If all children accepted the food parents gave them, feeding kids would be easy. In fact, this is usually what happens the first 18 months to 2 years of a child’s life.  But then one day the same child who ate almost everything starts to say “no” and rejects foods. In the eyes of a child, new foods can be scary and intimidating. And parents are left unsure what to do, afraid their little one will become deficient in key nutrients.

There are times when kids may require professional help if they are to become normal eaters.

Selective eating disorder (Avoidant Restrictive Food Intake Disorder or ARFID)
Selective eating is picky eating that persists into middle childhood and beyond with an extreme reluctance to try new foods. Unlike eating disorders, there are no body shape issues and weight of the child can vary, with many children being underweight.

It is often not diagnosed as a clinical problem because

– picky eaters appear not to be afraid to eat certain kinds of foods

– their weight tends to fall in the realm of normal

– medical and laboratory tests do not indicate any abnormalities

– medical doctors tend not to consider these conditions to be problematic for the patientor to consider this category of eating dysfunction pathological.

Compounding these problems, picky eaters tend not to recognise their condition as ‘dysfunctional’, nor do they recognise that help is available to them.  However, the longer parents wait to get help, the harder it is to treat.

Now this doesn’t mean that any 10-year old picky eater has selective eating. These kids only accept a very narrow range of (usually white) food. The typical list includes pasta, macaroni and cheese and gold fish and some will drink milk.

Selective eaters tend to only eat their accepted foods at home even if someone else is making it the exact same way. When they try a new food it’s common for them to choke, gag or even vomit which leads to their anxiety about eating. This is neurological because the part of their brain that recognizes food as pleasure is underdeveloped.

Typically by age 6 kids really start expanding their palate but with selective eating this doesn’t happen, making social activities anxiety-ridden for the child. They often fall off the growth charts and can experience slow bone growth if left untreated.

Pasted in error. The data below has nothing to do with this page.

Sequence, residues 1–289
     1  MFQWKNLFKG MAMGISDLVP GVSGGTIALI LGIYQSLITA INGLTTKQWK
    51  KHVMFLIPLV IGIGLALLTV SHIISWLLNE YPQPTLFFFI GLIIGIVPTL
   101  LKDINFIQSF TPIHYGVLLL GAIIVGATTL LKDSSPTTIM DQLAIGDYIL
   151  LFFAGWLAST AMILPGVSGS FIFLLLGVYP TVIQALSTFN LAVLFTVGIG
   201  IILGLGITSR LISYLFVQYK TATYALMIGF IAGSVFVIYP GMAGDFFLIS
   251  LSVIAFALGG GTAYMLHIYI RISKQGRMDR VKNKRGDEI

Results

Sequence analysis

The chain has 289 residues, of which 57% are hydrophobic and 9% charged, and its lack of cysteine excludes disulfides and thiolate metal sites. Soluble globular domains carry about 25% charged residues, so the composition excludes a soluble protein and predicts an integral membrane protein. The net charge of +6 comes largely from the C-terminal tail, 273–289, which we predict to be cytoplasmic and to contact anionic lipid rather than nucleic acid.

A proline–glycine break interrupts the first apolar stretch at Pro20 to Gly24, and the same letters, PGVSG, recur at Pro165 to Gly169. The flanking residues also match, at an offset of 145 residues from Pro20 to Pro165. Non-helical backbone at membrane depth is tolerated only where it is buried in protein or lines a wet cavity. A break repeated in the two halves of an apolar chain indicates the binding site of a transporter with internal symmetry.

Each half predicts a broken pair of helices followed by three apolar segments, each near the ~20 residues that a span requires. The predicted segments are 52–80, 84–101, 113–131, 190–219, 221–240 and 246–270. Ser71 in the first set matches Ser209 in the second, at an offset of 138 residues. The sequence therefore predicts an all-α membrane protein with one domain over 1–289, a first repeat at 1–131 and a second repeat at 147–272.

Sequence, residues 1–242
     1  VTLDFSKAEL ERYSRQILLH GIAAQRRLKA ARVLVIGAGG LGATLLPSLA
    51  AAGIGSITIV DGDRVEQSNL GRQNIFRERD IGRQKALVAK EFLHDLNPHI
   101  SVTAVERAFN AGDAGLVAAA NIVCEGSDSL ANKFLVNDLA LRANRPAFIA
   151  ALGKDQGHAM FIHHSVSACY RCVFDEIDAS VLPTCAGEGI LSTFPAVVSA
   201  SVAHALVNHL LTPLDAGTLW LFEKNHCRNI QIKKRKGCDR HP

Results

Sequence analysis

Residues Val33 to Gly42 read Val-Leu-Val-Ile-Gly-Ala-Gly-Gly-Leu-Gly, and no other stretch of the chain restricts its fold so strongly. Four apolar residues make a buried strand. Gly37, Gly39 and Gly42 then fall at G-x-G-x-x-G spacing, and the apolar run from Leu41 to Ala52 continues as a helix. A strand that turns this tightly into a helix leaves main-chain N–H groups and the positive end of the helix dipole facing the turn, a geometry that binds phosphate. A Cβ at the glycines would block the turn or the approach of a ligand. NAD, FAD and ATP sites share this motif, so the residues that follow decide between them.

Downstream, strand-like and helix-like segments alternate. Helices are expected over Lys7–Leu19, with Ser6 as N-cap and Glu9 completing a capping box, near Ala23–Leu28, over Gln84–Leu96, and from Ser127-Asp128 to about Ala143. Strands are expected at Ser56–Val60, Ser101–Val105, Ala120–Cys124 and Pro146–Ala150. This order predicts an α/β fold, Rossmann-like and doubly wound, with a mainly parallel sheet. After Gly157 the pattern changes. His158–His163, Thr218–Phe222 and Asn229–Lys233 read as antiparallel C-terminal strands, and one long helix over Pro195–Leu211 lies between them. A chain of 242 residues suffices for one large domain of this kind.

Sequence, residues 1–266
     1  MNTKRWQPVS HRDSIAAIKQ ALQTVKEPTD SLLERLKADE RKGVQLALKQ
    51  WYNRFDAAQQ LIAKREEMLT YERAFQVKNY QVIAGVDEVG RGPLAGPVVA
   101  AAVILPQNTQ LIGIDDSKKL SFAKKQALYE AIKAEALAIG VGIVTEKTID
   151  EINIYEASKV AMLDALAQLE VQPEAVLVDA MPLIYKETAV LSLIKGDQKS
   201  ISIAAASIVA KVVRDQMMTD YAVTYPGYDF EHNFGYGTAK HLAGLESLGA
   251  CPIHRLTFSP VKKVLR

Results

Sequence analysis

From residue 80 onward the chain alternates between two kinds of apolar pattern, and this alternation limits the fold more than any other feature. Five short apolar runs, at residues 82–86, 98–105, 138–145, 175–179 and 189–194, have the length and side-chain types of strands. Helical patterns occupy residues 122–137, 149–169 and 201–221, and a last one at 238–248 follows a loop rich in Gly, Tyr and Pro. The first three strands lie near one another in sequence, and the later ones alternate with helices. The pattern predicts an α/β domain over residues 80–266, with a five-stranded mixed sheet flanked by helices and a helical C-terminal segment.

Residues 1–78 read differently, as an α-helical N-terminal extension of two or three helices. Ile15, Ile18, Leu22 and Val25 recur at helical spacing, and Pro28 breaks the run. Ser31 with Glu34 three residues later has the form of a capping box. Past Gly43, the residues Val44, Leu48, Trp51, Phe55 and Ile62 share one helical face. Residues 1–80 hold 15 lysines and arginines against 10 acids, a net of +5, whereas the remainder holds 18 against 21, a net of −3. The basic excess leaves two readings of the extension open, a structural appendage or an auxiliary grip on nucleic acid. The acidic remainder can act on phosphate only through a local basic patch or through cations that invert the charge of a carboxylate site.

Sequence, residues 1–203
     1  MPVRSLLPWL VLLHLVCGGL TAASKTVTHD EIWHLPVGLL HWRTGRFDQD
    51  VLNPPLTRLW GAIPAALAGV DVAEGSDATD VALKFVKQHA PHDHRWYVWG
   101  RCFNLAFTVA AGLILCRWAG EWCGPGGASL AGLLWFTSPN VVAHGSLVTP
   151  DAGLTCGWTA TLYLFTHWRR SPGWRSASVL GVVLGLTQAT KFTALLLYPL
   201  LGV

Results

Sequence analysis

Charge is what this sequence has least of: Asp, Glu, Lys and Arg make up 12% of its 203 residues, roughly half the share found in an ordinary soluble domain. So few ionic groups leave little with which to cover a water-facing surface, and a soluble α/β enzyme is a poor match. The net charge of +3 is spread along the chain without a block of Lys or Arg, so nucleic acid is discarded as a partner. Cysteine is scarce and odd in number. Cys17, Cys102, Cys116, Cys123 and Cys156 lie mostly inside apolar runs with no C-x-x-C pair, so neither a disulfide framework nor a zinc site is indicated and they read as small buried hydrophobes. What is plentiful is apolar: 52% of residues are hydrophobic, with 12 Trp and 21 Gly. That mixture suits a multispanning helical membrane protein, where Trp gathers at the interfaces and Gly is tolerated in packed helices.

Who gets it?
Children with a family history of autism, eating disorders, OCD and severe picky eating are at greater risk for developing selective eating. With autism spectrum disorders (ASD) on the rise, selective eating is becoming more common.

A recent study published in the Journal of Pediatrics, showed that while both ASD and non ASD children had picky eating, the ASD group refused more foods and had a smaller repertoire of foods they would eat. As a result, these children had insufficient intakes of vitamins A, C, D, zinc and calcium.

This doesn’t mean non ASD children can’t become selective eaters, but it appears to be more common in children with ASD.

What worried parents should do
Parents know their kids best, so if they sense something is wrong, they should seek professional help.

Start with the pediatrician and if they can’t refer you to anyone, find a dietitian that works with eating disorders. Even if the pediatrician says your child’s eating behavior is not worrisome, it’s worth it to get them evaluated.

The sooner kids get treated for selective eating, the better off they’ll be. And if left untreated, kids who are selective eaters will grow into adults who can only eat a short list of foods. This not only negatively impacts health but hampers social activities where food is often the central part of gatherings.

So when in doubt, get your child evaluated.

References

Bandini LG, Anderson SE, Curtin C, Cermak S, Evans EW, Scampini R, Maslin M, Must A. Food Selectivity in Children with Autism Spectrum Disorders and Typically Developing Children. J Pediatr. 2010 Mar 31.